In August 2017, London Mayor, Sadiq Khan, published his Supplementary Planning Guidance on Affordable Housing and Viability (SPG).
This supports his long-term aim for 50% of new homes in London to be affordable, and offers a Fast Track Route for schemes promising at least 35% on-site affordable housing. This level is increased to 50% on public land, and is potentially much higher for registered providers. There are, however, various exemptions to the Fast Track Route, and hurdles to overcome during the development process.
If an application qualifies for the Fast Track Route, viability information will not be required. To qualify, the application must:
The applicant must have also sought to increase the level of affordable housing above the 35% threshold by accessing grants.
Various schemes are excluded from the Fast Track Route, and must submit viability information in the usual way. These include:
VBC reduces the requirement for affordable housing contributions where a vacant building is brought back into use or is demolished to make way for a new building. The credit is based on the amount of vacant floor space being brought back into use or redeveloped. The Mayor's view is that in most circumstances it will not be appropriate to apply VBC in London. The SPG sets out criteria that should be met in order for VBC to apply. These include being able to demonstrate that the building has not been made vacant for the sole purpose of redevelopment.
Whilst the Mayor's view that affordable housing provision should be required on sites which have a capacity to provide ten homes or more, he will support Local Planning Authorities that wish to apply requirements for sites providing fewer than ten homes. The Fast Track Route may be appropriate for such sites.
It is hoped that setting a threshold will provide an incentive to developers to provide affordable housing at a level of 35% or more, so that they can proceed without the need to provide viability information. However, where a scheme does not meet the 35% level, a viability assessment (in a standardised form with full supporting evidence) must be submitted. This will then be scrutinised by the Local Planning Authority (LPA) and, in some circumstances, the Mayor, who will determine the level of affordable housing that is viable on the site. The LPA (and the Mayor) may conclude that more than 35% affordable housing is viable.
Whether or not an application is proceeding along the Fast Track Route, review mechanisms will be employed to ensure that the maximum amount of affordable housing is achieved.
If an agreed level of progress has not been achieved within two years of the grant of consent, a viability review will be required. This is to ensure that consents for housing schemes are not only being progressed in a timely manner, but also their delivery is moving forward swiftly. This could result in further affordable housing being required on-site and plans will have to show which units could be converted into affordable housing units in such cases.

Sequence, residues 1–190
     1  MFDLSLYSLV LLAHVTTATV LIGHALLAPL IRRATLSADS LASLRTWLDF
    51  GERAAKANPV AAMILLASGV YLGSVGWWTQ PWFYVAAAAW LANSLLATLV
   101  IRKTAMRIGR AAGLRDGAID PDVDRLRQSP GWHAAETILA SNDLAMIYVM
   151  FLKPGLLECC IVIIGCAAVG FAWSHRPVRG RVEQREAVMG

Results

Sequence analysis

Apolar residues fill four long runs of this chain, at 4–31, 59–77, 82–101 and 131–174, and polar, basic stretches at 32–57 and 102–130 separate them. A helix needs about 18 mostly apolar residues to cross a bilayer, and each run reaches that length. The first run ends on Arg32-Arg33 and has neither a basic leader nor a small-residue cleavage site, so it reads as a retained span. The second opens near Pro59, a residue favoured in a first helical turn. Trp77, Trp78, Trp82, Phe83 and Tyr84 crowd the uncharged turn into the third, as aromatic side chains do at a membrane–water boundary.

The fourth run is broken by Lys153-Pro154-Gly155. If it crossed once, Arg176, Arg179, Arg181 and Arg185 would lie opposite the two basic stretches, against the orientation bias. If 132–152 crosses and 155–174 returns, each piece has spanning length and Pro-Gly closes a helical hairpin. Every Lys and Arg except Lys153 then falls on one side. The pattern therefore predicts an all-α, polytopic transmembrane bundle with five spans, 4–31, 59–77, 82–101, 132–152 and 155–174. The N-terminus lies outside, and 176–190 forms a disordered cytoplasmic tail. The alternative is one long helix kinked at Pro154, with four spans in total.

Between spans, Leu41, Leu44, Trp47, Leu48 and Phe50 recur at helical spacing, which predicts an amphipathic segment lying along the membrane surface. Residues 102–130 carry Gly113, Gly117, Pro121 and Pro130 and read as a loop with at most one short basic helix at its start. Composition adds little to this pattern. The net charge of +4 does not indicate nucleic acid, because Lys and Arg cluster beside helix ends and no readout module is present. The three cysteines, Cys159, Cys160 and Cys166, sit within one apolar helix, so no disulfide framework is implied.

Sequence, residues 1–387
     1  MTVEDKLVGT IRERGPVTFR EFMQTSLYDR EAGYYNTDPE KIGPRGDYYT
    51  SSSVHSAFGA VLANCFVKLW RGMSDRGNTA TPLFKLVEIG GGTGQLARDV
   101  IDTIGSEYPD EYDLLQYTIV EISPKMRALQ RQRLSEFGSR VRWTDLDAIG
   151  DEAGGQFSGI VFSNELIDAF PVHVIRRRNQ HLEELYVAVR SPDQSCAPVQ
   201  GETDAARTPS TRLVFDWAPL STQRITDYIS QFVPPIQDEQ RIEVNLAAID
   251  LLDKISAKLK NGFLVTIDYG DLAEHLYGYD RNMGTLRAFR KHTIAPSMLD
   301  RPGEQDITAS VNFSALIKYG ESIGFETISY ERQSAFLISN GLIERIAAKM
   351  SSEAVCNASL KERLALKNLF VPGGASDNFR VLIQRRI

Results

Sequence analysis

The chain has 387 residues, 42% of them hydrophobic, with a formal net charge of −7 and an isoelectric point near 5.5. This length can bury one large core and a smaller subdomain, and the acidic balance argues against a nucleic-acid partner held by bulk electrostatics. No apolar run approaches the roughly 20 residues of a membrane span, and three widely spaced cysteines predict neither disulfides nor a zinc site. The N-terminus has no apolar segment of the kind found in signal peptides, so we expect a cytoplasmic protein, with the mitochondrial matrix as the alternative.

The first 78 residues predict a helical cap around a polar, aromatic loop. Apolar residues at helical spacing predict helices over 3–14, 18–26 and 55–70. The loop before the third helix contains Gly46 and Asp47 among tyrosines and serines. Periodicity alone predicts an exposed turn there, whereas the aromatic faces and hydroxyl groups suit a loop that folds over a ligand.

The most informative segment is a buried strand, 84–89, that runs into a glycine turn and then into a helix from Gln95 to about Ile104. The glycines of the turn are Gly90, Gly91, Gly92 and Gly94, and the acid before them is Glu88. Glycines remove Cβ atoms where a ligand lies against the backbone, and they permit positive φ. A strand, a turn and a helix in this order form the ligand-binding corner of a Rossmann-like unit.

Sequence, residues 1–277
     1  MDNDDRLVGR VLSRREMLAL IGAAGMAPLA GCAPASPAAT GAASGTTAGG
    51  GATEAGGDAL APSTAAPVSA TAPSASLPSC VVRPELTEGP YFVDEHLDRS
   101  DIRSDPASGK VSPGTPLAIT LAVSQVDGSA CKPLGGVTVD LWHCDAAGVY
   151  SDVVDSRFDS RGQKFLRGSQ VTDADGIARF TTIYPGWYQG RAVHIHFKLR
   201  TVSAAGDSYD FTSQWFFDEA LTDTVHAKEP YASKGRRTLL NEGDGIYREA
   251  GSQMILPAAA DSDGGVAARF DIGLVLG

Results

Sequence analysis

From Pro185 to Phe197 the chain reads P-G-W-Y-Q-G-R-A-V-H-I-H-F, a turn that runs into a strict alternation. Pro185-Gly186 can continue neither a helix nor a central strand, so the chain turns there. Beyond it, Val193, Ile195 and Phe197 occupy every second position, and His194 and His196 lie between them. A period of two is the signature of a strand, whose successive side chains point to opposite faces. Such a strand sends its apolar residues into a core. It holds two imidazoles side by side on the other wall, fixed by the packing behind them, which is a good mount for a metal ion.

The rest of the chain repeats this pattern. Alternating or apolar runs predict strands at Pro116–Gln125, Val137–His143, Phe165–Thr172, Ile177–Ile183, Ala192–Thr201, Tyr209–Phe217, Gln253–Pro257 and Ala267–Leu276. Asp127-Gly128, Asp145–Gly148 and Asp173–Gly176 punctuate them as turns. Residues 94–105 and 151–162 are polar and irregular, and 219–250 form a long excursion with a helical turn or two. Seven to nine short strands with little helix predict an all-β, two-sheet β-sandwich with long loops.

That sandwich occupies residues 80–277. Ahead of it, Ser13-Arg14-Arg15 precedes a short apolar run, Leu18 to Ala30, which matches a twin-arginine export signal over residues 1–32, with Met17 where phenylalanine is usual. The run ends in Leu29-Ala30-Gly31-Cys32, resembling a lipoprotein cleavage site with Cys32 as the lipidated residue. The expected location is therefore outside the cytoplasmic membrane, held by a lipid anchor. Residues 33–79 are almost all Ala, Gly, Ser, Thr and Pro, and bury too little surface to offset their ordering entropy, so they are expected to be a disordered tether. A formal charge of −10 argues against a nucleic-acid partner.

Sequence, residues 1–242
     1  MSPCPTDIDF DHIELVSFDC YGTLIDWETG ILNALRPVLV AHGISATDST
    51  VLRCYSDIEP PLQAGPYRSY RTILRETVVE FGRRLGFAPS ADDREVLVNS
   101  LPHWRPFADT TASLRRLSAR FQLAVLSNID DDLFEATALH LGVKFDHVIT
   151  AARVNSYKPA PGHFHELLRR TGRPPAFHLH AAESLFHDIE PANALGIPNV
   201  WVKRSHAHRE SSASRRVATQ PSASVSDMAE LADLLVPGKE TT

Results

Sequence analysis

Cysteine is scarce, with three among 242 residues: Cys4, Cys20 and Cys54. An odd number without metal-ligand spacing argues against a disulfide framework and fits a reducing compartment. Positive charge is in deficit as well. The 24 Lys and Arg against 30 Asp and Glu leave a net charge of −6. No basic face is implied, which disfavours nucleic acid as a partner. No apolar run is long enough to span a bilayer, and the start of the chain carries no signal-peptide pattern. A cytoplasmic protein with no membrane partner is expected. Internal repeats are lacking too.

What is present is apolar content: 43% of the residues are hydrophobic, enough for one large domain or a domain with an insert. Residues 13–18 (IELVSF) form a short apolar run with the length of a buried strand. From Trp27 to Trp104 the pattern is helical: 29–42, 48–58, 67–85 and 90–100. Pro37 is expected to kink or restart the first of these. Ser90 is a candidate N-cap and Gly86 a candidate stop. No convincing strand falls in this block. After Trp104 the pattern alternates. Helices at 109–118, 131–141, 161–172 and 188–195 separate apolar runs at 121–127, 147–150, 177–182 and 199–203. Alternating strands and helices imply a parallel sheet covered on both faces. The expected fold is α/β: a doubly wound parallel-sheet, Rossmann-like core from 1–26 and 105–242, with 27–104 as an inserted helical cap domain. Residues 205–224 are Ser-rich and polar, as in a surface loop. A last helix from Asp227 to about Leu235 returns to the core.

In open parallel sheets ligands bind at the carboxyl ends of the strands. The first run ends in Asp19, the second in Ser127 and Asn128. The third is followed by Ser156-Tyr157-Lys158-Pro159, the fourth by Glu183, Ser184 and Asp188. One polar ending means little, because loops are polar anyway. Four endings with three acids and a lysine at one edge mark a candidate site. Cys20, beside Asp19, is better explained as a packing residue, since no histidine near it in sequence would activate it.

Viability tested schemes will also be subject to Late Stage Reviews, once 75% of homes are sold. The outcome of this review is likely to be a financial contribution towards off-site affordable housing provision.
There is no distinct planning use class for BTR, so the SPG contains a new definition, as follows:
It is recognised that BTR homes differ from build for sale schemes. All BTR schemes will be subject to viability testing to determine the maximum amount of affordable housing that can be provided.
The Mayor has recently directed Westminster City Council to refuse an application on the site of New Scotland Yard where only 3% affordable housing was offered. The Mayor considered that both the amount of affordable housing and the lack of a review mechanism meant that the application did not accord with the new SPG. In this case, the SPG is being used not to speed up delivery but to enhance the amount of affordable housing by virtue of either forcing the developer to fall back on the original amount offered or to go to appeal. This application was submitted before the SPG was published so doesn't show how applicants might view the SPG when drawing up applications on sites that haven't got existing consents but it does show that the Mayor intends to enforce the policy position that has formed a large part of his platform since taking office.
Contributor: Alexandra Holsgrove Jones
This publication is intended for general guidance and represents our understanding of the relevant law and practice as at September 2017. Specific advice should be sought for specific cases. For more information see our terms & conditions.